NGS Testing of HCC Reveals Potential Biomarkers and Mutations for Treatment Matching

An analysis of the genotyping of tumor tissue samples from patients with hepatocellular carcinoma identified frequent alterations and potentially actionable mutations in cases of HCC, and helped to confirm the clinical utility of next-generation sequencing testing for matching patients to targeted therapies and immunotherapies.

An analysis of the genotyping of tumor tissue samples from patients with hepatocellular carcinoma (HCC) identified frequent alterations and potentially actionable mutations in cases of HCC, and helped to confirm the clinical utility of next-generation sequencing (NGS) testing for matching patients to targeted therapies and immunotherapies.

The study authors, led by James J. Harding, MD, of Memorial Sloan Kettering Cancer Center (MSK), explained in their report published inClinical Cancer Researchthat NGS could help identify patients likely to benefit from standard systemic therapies. “…Our data represent the first attempt to link real-time NGS to clinical practice and provide needed insight into feasibility and the potential impact of this investigational modality to direct patient care.”

Investigators completed prospective NGS testing of 134 samples from 127 unique patients who had been treated at MSK and compared the genomic findings to those from The Cancer Genome Atlas (TCGA).

“We confirm genomic findings derived from retrospectively analyzed cohorts of surgically-resected, early stage, liver-limited HCCs and extend these observations to an advanced patient population more representative of those treated as part of routine clinical practice,” the study authors wrote.

DNA from the tumor tissue samples and patient-matched normal blood were all tested with MSK-IMPACT, a hybridization capture-based NGS assay that has been authorized by the New York State Department of Health and the FDA. Testing was performed in a Clinical Laboratory Improvement Amendments (CLIA)—certified laboratory.

The assay tested 341-plus cancer-associated genes, and identified single-nucleotide variants, small indels, copy number alterations, and selected structural rearrangements in all exons and select introns. MSK-IMPACT was expanded during the study period to include 410 genes, which was tested in 70 cases, and later to 468 genes, which was used for 36 cases. Tumor mutational burden (TMB) and microsatellite instability (MSI) were also tested with the assay. TMB was calculated as the total number of nonsynonymous mutations divided by the number of bases analyzed, and MSI was defined by the percentage of unstable microsatellites of all tested microsatellites.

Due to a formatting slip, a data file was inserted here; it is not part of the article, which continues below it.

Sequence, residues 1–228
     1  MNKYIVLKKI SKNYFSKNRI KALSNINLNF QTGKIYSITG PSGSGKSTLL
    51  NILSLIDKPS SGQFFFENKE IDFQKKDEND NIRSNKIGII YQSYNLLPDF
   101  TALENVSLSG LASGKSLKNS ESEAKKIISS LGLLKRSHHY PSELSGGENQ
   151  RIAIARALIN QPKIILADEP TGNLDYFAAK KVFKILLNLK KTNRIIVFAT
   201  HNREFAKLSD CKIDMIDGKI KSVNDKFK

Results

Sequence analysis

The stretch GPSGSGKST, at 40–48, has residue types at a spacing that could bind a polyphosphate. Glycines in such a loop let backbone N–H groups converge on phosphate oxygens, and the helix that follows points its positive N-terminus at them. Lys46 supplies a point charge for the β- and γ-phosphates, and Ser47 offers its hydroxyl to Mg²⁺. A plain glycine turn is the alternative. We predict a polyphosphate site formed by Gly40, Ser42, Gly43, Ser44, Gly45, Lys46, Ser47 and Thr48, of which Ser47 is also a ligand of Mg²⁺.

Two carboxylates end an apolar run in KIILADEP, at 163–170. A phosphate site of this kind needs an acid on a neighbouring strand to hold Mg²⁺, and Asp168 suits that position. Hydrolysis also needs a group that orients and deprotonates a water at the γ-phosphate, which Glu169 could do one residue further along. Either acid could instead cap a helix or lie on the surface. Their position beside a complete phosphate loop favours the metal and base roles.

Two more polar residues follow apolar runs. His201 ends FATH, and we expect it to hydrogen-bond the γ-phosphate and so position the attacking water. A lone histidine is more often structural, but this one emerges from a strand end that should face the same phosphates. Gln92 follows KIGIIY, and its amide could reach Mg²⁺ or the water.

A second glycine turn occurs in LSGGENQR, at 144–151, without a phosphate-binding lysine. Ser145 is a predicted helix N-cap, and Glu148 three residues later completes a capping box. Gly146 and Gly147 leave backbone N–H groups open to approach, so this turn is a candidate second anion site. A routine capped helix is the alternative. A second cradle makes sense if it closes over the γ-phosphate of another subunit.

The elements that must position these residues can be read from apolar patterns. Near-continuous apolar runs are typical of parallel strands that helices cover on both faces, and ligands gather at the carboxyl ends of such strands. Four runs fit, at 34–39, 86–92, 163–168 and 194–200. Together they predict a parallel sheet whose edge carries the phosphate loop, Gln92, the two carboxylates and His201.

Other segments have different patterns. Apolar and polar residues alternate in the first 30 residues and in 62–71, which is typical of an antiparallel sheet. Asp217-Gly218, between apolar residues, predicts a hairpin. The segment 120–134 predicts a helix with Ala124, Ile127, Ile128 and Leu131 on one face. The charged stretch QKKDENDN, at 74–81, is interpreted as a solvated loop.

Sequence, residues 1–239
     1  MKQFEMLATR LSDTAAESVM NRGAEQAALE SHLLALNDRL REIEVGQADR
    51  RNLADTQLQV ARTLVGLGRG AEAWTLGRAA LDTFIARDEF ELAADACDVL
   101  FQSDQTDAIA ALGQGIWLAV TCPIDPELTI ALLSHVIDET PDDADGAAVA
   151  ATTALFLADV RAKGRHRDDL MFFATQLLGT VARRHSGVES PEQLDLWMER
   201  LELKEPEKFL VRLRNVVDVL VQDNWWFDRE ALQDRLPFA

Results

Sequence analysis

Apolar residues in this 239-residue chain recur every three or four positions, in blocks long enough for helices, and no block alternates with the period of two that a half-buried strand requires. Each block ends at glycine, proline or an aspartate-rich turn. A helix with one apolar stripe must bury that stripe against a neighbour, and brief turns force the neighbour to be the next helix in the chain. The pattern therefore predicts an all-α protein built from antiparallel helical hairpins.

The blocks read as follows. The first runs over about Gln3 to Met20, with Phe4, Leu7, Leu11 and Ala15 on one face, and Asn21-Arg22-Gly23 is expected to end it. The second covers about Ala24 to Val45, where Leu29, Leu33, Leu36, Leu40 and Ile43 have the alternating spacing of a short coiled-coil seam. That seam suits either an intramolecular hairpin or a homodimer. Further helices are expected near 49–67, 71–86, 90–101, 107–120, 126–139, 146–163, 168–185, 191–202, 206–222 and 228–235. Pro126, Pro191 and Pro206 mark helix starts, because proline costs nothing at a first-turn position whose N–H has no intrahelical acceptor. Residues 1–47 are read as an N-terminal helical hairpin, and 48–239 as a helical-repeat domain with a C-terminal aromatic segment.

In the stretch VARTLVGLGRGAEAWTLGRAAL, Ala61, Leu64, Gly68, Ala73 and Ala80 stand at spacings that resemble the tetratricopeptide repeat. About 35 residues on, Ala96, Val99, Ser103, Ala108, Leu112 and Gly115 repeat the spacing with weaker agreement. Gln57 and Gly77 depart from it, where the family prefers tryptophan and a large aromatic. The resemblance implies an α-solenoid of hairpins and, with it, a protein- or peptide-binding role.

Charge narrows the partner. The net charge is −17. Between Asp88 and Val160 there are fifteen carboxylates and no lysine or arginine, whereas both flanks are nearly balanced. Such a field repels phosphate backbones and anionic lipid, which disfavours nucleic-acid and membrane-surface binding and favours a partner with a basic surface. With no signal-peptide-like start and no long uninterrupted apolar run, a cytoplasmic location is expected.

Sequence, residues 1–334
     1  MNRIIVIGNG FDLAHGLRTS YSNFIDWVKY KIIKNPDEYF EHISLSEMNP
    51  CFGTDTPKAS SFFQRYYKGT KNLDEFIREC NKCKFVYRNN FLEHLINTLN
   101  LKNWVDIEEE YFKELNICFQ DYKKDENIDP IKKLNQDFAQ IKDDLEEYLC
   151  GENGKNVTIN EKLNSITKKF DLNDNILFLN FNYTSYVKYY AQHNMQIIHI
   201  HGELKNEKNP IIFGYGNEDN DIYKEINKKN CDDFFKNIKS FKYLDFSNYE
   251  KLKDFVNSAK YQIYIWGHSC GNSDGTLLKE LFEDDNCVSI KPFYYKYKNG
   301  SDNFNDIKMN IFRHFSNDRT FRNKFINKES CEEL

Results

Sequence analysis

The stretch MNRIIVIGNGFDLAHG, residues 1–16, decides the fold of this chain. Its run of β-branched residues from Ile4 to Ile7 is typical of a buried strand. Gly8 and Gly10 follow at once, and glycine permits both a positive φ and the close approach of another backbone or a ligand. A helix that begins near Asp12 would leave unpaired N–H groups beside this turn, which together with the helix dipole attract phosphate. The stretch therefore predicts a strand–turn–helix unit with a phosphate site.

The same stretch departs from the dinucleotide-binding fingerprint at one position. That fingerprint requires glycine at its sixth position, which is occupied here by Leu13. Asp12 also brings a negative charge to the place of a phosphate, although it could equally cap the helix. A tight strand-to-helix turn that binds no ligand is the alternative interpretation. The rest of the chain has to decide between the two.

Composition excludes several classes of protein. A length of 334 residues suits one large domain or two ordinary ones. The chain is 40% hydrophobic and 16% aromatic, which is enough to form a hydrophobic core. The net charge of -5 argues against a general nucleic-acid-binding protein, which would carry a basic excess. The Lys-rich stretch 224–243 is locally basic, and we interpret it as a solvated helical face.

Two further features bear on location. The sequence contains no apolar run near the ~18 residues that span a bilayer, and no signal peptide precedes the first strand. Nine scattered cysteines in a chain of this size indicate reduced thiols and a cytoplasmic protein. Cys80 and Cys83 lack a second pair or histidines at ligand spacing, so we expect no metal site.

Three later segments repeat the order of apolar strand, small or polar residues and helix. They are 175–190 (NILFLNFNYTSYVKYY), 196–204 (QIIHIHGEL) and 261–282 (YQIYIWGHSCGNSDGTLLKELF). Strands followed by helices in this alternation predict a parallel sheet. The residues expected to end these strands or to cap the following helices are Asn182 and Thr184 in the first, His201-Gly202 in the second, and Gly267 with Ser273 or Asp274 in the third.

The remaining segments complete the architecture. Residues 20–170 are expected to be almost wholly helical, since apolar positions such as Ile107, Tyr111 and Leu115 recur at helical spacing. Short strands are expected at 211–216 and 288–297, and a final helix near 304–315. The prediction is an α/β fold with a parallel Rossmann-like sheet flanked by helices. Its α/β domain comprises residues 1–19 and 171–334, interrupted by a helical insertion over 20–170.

All identified alterations were classified as actionable or not on an evidence scale of 1 to 4. Level 1-2A alterations would indicate a standard therapeutic intervention; levels 2B-4 would indicate an investigational alteration and could direct a patient toward a relevant clinical trial.

Genomic Findings

Patients in the TCGA cohort had surgically resected liver-limited tumors whereas those in the MSK group also included those who were ineligible for curative resection or transplantation and those with locally recurrent/extrahepatic tumors. The median age of patients in the MSK cohort was 65 years (range, 15-85) and 79% were male. Forty-nine percent had a nonviral etiology while 17% and 35% had hepatitis B and hepatitis C virus, respectively. Forty percent had Barcelona Clinic Liver Cancer (BCLC) stage B disease.

Genomic alterations were found in 95% (n = 127) of the samples, with the most frequently mutated genes (≥10%) beingTERT(55.6%),CTNNB1(35.7%),TP53(32.5%),ARID1A(12.7%),andTSC2(10.6%). Other alterations in canonical members of the WNT pathway beyondCTNNB1were also identified.

“Our data are consistent with prior reports regarding the frequency and overall distribution of oncogenic alterations in HCC. Specifically, we confirm that mutations predicted to result in WNT/β-catenin activation are present in nearly half of all HCCs, and represent a unique biological subset,” Harding et al wrote.

Copy number alterations included amplifications inCCND1/FGF19,MYC,MET,VEGFA, and loss inHLA-B. Fusion events were not common in the cohort.

The investigators rarely foundTP53mutations in conjunction with WNT pathway alterations (P= .003), which helped to separate 2 genomic subsets of patients with HCC.TP53mutations were more commonly identified in virally mediated HCC versus nonviral disease (45% vs 21%, respectively;P= .001), whereas WNT pathway alterations were less common in virally mediated disease (41% vs 60%;P= .7), although this was not found to be statistically significant.

The median TMB among the MSK group was 4.08 and demonstrated a lower variance in comparison with other solid histologies (standard derivation, 2.71). No MSI-high or hypermutation was noted in the cohort.

Even with the differences in the patient characteristics between the 2 groups, there was no significant difference found in the relative proportion of altered genes. Clinicopathological factors, such as age, ethnicity, and histologic grade, were not found to be associated with genomic alterations.